While paging through some CoreLogic data on negative home equity—that, of course, is what you’re left with when you owe more on your home than what it is worth—I was reminded of the extent to which this still, after all these years, remains a factor weighing on both people’s economic security and the recovery. Aggregating across the nation, about 23% of mortgages are underwater, according to CoreLogic, but as the figure shows, there’s great variation across states, from 61% in Nevada to about 6% in NY. (Btw, “near negative equity” refers to mortgages within 5% of negative equity.)
Yet, we still hear people claiming that it’s the unions who tanked the economy, or regulation, or taxes, or the deficit, or resentment of rich people. That’s all complete bunk and I can prove it…well, only in very reduced form (meaning “not really,” but bear with me anyway).
Suppose you compare changes in state unemployment rates, 2007-2010, against the negative equity shares in the graph (it might be better to use changes in home prices by state, but the states with the most negative equity are the states where home prices fell the most).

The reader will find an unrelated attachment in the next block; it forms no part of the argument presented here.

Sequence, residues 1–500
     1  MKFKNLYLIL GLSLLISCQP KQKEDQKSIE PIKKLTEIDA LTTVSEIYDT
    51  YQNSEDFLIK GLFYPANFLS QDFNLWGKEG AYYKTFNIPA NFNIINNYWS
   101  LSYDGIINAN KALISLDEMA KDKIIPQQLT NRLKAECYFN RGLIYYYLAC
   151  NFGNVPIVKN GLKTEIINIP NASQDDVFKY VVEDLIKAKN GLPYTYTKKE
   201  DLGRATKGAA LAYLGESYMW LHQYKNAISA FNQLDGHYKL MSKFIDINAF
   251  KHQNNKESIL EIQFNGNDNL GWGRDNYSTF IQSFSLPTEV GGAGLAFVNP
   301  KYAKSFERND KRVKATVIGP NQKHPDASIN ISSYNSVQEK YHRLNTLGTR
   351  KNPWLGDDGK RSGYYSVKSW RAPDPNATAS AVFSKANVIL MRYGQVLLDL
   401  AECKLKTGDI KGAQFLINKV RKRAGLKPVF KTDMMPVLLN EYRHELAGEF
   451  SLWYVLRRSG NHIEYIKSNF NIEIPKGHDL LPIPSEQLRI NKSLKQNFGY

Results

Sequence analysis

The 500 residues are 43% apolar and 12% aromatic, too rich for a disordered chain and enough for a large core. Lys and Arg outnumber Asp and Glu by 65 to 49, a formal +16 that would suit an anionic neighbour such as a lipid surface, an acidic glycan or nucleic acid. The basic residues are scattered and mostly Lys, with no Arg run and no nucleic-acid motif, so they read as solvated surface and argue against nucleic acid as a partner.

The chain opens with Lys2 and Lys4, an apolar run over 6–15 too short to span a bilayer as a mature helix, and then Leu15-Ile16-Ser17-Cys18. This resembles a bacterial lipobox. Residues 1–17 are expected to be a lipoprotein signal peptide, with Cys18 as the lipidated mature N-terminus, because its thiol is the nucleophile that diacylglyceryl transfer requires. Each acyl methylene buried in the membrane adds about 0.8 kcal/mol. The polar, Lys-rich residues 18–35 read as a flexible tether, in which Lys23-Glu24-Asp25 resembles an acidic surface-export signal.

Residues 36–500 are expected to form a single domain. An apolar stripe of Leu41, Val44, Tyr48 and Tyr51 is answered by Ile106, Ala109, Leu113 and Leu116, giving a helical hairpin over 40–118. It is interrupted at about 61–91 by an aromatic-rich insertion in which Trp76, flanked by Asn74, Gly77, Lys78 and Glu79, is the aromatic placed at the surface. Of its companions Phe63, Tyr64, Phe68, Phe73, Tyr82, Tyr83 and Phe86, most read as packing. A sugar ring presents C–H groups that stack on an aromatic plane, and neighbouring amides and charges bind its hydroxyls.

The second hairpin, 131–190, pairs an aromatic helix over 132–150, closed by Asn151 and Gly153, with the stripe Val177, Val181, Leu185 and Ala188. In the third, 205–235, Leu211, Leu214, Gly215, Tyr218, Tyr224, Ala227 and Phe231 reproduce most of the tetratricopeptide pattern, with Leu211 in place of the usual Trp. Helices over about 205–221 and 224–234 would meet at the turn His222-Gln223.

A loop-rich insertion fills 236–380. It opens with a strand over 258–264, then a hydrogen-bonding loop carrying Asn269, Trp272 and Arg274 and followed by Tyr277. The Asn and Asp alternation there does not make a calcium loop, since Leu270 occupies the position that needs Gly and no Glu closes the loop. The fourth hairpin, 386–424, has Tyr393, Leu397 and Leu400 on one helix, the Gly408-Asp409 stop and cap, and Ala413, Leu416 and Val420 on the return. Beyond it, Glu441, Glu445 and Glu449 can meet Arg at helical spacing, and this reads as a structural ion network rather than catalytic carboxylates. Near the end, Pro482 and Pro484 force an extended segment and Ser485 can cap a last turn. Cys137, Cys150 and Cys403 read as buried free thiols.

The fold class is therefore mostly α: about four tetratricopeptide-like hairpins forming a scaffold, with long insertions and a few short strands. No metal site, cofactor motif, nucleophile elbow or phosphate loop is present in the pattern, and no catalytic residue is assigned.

As shown in the figure, you actually get a tight fit. The coefficient on negative equity has a t-statistic of 6.3 (highly significant) and that one variable explains 49% of the variation in unemployment rates across states.
Just for fun, let’s add union coverage by state. Its coefficient is 0.001and its t-stat is 0.03 (highly INsignificant).
So in case anyone asks, it was the housing bubble–not unions–that tanked the economy. What’s that you say…no one would ever think such a thing…? You haven’t been to Wisconsin lately, have you?
Source: CoreLogic, BLS